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The Health Care Consequences of Smoking and Its Regulation

  • Moore Michael J.

    (University of Virginia and NBER)

  • Hughes James W.

    (Department of Economics, Bates College)

The literature on the health economics of smoking presents two principal facts: (1) that smoking increases health care costs and (2) that restrictions on smoking lead to reductions in smoking prevalence and intensity. Some researchers have hypothesized that these two facts, in combination, allow the inference that restricting smoking will lower health care costs. For various reasons, however, observed associations between smoking and health care use on the one hand, and regulations and smoking on the other, do not imply a causal effect of the restrictions on health care.This article extends the literature by examining whether cigarette tax increases lead to lower health care costs. Using data from the 1991 and 1993 National Health Interview Surveys, it fi

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Article provided by De Gruyter in its journal Forum for Health Economics & Policy.

Volume (Year): 4 (2001)
Issue (Month): 1 (January)
Pages: 1-48

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Handle: RePEc:bpj:fhecpo:v:4:y:2001:n:3
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  1. Farrell, Phillip & Fuchs, Victor R. & Fuchs, Victor R., 1982. "Schooling and health : The cigarette connection," Journal of Health Economics, Elsevier, vol. 1(3), pages 217-230, December.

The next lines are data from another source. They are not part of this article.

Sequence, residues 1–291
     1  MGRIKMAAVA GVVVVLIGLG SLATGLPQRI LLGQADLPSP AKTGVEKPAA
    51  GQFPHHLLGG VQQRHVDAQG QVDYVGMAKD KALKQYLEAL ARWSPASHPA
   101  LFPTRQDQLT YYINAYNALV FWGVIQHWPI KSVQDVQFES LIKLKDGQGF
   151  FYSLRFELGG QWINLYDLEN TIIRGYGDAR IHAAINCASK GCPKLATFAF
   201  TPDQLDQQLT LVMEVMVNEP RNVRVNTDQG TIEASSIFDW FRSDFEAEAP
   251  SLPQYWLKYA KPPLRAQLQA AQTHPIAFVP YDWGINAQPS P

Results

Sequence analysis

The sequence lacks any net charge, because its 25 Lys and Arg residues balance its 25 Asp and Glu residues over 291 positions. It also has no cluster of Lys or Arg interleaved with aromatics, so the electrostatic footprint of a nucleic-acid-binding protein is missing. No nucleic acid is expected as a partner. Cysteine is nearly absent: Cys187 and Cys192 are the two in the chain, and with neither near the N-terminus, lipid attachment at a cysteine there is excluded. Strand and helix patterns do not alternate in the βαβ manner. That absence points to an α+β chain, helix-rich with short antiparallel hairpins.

2. Kenkel, D.S., 1988. "Health Behavior, Health Knowledge, And Schooling," Papers 10-88-3, Pennsylvania State - Department of Economics.
  3. Evans, William N. & Ringel, Jeanne S., 1999. "Can higher cigarette taxes improve birth outcomes?," Journal of Public Economics, Elsevier, vol. 72(1), pages 135-154, April.
  4. Harris, Jeffrey E., 1982. "Increasing the federal excise tax on cigarettes," Journal of Health Economics, Elsevier, vol. 1(2), pages 117-120, August.
  5. Gary S. Becker & Michael Grossman & Kevin M. Murphy, 1990. "An Empirical Analysis of Cigarette Addiction," NBER Working Papers 3322, National Bureau of Economic Research, Inc.
  6. Jeffrey E. Harris, 1994. "A Working Model for Predicting the Consumption and Revenue Impacts of Large Increases in the U.S. Federal Cigarette Excise Tax," NBER Working Papers 4803, National Bureau of Economic Research, Inc.
  7. Michael Grossman, 1990. "Health Benefits of Increases in Alcohol and Cigarette Taxes," NBER Working Papers 3082, National Bureau of Economic Research, Inc.
  8. Philip J. Cook & George Tauchen, 1982. "The Effect of Liquor Taxes on Heavy Drinking," Bell Journal of Economics, The RAND Corporation, vol. 13(2), pages 379-390, Autumn.
  9. Michael J. Moore, 1996. "Death and Tobacco Taxes," RAND Journal of Economics, The RAND Corporation, vol. 27(2), pages 415-248, Summer.
  10. Michael J. Moore, 1995. "Death and Tobacco Taxes," NBER Working Papers 5153, National Bureau of Economic Research, Inc.
  11. J.D. Angrist & Guido W. Imbens & D.B. Rubin, 1993. "Identification of Causal Effects Using Instrumental Variables," NBER Technical Working Papers 0136, National Bureau of Economic Research, Inc.
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